why does the broker cash the earnest money befor the closing?

Asked by Big D, 30093 Fri Oct 1, 2010

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Ruth and Per…, Agent, Los Gatos, CA
Fri Oct 19, 2012
BigD thanks for your question.

It is generally a requirement that one provides an Earnest deposit check to be held by Title or Cashed within 3 days by an Escrow Company.

It is part of the contract, and should be clearly spelled out.

In the event, you cannot perform, after having removed all contingencies, then a Buyer can
keep the deposit, as you failed to perform.

Real Estate Contracts are taken very seriously, as one is engaged in an Expensive Asset
purchase where a Seller may be selling to you, and has an Offer out on another property.

Good luck.

0 votes
Agree, and well said!
Flag Wed Jan 9, 2013
Mattfour1, Home Buyer, Norcross, GA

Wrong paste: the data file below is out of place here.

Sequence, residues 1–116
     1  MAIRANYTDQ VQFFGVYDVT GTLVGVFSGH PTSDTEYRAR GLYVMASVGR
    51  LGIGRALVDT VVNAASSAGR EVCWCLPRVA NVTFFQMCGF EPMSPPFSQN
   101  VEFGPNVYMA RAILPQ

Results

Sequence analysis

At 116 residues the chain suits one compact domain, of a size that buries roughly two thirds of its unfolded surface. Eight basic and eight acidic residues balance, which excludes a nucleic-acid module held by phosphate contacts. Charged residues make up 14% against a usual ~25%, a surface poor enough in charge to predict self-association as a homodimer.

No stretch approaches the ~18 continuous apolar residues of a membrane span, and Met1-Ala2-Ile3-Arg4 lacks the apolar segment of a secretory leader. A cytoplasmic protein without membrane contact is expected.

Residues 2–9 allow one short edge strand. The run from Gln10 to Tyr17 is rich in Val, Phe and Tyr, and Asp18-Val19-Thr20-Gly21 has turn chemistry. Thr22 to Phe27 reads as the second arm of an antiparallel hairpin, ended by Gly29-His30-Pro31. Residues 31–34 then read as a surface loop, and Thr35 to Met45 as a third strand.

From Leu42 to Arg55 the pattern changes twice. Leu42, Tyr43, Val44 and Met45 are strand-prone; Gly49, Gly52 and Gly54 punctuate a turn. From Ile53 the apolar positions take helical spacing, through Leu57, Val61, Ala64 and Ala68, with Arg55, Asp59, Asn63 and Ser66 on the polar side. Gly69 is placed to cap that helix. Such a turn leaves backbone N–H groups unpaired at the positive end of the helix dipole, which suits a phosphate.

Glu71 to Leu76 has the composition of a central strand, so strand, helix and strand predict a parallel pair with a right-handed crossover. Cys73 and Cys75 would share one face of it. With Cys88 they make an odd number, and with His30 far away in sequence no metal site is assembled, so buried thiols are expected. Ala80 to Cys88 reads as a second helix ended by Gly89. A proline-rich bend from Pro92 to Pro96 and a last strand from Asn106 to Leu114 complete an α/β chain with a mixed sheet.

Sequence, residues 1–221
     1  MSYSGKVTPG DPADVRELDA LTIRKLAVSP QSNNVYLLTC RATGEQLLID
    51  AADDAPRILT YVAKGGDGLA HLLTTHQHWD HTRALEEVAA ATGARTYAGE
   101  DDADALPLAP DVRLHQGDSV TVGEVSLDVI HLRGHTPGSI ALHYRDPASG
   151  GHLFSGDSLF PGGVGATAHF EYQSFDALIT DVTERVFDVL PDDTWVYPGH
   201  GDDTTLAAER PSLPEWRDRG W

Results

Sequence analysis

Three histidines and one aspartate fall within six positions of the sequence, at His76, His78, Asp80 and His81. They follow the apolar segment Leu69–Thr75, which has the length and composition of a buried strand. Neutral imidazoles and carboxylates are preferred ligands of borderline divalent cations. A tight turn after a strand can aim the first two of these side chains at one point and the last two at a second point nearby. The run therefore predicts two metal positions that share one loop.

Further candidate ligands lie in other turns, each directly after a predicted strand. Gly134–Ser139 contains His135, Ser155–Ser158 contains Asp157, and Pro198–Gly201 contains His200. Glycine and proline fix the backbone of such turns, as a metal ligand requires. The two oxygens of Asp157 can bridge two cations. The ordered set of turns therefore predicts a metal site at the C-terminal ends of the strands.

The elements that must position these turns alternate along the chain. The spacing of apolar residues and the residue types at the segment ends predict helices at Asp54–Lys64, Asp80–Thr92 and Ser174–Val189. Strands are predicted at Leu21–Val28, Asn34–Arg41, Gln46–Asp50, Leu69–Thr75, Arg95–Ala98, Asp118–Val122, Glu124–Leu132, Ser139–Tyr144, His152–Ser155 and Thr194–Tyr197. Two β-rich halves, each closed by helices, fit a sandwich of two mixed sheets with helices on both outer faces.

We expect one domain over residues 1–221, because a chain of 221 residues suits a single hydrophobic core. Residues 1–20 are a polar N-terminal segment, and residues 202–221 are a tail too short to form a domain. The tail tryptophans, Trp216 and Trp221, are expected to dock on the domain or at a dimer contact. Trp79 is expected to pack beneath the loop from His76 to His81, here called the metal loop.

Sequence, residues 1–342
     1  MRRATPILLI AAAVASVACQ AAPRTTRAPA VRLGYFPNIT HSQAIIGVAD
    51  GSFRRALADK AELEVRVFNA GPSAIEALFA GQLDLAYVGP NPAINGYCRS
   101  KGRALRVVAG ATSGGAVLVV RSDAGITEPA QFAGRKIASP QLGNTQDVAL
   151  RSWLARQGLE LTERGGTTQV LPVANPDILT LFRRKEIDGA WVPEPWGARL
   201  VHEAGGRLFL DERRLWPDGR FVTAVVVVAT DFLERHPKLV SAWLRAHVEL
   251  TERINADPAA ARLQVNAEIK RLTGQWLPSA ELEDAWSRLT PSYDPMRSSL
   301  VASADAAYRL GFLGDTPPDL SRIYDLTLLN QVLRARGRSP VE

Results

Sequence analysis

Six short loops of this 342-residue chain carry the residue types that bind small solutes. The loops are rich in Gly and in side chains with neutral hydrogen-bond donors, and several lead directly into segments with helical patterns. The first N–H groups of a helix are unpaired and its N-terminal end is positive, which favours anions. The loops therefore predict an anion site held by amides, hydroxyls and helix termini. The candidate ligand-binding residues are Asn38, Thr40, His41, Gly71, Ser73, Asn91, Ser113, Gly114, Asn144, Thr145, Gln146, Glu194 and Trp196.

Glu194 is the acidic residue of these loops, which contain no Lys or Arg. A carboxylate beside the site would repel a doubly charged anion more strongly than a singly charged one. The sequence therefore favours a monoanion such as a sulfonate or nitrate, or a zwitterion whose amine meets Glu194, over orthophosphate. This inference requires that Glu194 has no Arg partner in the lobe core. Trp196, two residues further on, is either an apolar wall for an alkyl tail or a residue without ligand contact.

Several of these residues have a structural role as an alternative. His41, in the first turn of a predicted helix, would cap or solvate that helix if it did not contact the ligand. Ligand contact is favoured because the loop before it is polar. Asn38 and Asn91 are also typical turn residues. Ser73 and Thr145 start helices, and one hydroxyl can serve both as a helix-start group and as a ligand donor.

Fri Oct 19, 2012
I wrote an earnest check for $8000 the day after my contract was completed to buy the home. The check was taken to the seller's realty office that day. After 16 days, the check had no cleared my bank. I had called repeatedly because my mortgage broker needed a copy of the cleared check. The seller's realty company had "misplaced" the check and finally found it and deposited it after 18 days. Do I have recourse against them?
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Darrell Hess, Agent, Asheville, NC
Sun Oct 3, 2010
The broker does not really cash the earnest money before the closing. The deposit it into an escrow account. It has to be done within 5 days of the broker receiving the check and they must receive the check as soon as humanly possible from their real estate agent. As the other agents have mentioned it goes towards the purchase price of the home, closing costs, or a refund back towards the buyer at the closing table.

Hopefully you are working with an agent as a buyer. There is no reason not to as they 99% of the time get paid from the seller side and basically work for free for you. This would be a perfect question to ask your real estate agent, but if they could not answer this well sorry. I suppose hats off to Trulia in that case.